dc.identifier.apacitation Hammond-Tooke, W. D. (1952). <i>A general ethnographic survey of the amaBhaca (East Griqualand)</i>. (Thesis). University of Cape Town ,Faculty of Humanities ,Social Anthropology. Retrieved from http://hdl.handle.net/11427/22234 en_ZA
dc.identifier.chicagocitation Hammond-Tooke, William David. <i>"A general ethnographic survey of the amaBhaca (East Griqualand)."</i> Thesis., University of Cape Town ,Faculty of Humanities ,Social Anthropology, 1952. http://hdl.handle.net/11427/22234 en_ZA
dc.identifier.vancouvercitation Hammond-Tooke WD. A general ethnographic survey of the amaBhaca (East Griqualand). [Thesis]. University of Cape Town ,Faculty of Humanities ,Social Anthropology, 1952 [cited yyyy month dd]. Available from: http://hdl.handle.net/11427/22234 en_ZA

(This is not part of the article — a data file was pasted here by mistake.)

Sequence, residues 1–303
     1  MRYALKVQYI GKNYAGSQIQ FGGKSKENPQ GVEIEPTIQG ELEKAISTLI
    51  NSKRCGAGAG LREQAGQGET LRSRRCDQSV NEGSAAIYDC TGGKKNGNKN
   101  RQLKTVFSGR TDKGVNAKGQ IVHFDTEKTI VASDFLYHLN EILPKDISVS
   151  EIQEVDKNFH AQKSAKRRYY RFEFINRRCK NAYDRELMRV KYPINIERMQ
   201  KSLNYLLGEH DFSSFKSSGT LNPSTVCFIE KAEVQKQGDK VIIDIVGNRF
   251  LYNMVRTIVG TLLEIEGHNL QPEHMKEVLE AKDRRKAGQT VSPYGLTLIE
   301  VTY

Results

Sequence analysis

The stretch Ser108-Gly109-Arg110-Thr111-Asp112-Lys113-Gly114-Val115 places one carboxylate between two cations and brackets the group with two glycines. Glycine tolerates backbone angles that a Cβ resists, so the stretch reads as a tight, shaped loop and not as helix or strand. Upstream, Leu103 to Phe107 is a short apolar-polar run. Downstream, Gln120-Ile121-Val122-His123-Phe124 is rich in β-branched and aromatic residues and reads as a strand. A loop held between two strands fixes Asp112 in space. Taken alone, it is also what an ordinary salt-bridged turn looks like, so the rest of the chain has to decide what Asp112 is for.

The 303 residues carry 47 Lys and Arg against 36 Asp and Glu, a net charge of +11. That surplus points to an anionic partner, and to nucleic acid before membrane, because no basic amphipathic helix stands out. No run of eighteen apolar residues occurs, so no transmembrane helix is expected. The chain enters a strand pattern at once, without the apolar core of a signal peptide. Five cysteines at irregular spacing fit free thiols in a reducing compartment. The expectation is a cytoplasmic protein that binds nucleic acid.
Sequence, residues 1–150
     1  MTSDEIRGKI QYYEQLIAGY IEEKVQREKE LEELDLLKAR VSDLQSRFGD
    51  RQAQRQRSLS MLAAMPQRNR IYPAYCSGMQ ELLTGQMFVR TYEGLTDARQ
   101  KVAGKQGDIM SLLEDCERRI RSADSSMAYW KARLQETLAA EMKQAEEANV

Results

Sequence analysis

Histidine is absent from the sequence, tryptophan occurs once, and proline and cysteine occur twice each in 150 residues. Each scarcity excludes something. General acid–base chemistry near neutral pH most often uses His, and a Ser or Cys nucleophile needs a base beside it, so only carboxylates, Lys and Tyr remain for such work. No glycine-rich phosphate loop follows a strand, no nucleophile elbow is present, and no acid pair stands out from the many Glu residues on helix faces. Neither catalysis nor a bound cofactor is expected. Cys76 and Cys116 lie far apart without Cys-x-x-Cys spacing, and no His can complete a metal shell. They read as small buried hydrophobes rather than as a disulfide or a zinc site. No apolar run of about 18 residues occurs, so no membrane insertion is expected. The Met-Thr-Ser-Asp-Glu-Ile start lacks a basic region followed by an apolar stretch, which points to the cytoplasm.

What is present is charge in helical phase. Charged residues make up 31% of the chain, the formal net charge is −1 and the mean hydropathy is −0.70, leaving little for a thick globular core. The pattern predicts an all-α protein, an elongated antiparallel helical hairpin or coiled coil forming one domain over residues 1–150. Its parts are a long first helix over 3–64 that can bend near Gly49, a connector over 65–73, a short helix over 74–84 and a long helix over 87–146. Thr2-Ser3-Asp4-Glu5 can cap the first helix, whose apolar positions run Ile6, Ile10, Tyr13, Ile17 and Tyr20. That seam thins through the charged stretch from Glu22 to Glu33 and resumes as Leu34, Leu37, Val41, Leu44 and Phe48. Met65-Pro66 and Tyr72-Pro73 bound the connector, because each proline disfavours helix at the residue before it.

dc.identifier.ris TY - Thesis / Dissertation AU - Hammond-Tooke, William David AB - The material for this survey was collected during field investigations in the Mount Frere district of East Griqualand during the period January to October, 1949. The Bhaca are a small group of people occupying roughly the district of Mount Frere - although a considerable number lie outside district boundaries, particularly on the Mount Ayliff side - with a Southern Nguni type of culture and speaking a dialect of Xhosa. They are of particular interest as they are representative of those tribes who were forced to flee from Natal during the chaotic period of Zulu history subsequent to T/haka's rise to power, and, unlike the Mpondo, Thembu and Xhosa tribes, they are thus fairly recent immigrants into the Cape. The Bhaca are very conscious of their Zulu origin, although "Zulu" is hardly the scientifically correct term to apply to it. Van Warmelo has stressed the fact that before the rise of T/haka (c 1816) Natal was the home of a number of different tribes, the majority little more than large clans, roughly divisible into separate groups both dialectically and culturally, viz., (a) the true Nguni or Ntungwa, (b) the Mbo and (c) the Lala tribes. The name "Zulu" should correctly be applied only to the descendants of the small Zulu clan which by rapine and conquest established political and cultural supremacy over the whole of Natal from 1816 onwards. Those tribes which did not submit were forced to flee or be annihilated, and these successive southward waves of fugitives have given rise to the establishment of numerous small tribes in the Cape, classified by van Warmelo as "Fingo and Other recent Immigrants into the Cape". Other tribal elements moved north and today exists as Swazi, Rhodesian Ndebele, Transvaal Ndebele, Ngani and others. At least a century of wandering away from Natal has modified considerably the culture of these immigrants and today the culture of Bhaca, Xesibe (in the district of Mount Ayliff) and the various Mfengu tribes, approximates more nearly to Southern Nguni than to Northern Nguni culture. Foreign influence on the Bhaca must have been strong - at one period the tribe lived in Pondoland under the protection of Faku - and today there is intermarriage with Mpondo, especially on the Eastern boundary which impinges on the district of Tabankulu, and with Hlubi and Xesibe. In the following chapters the question or cultural origins and ethnic composition will be taken up: here it is sufficient to say that ethnographically Bhaca culture today is southern Nguni in character. DA - 1952 DB - OpenUCT DP - University of Cape Town LK - https://open.uct.ac.za PB - University of Cape Town PY - 1952 T1 - A general ethnographic survey of the amaBhaca (East Griqualand) TI - A general ethnographic survey of the amaBhaca (East Griqualand) UR - http://hdl.handle.net/11427/22234 ER - en_ZA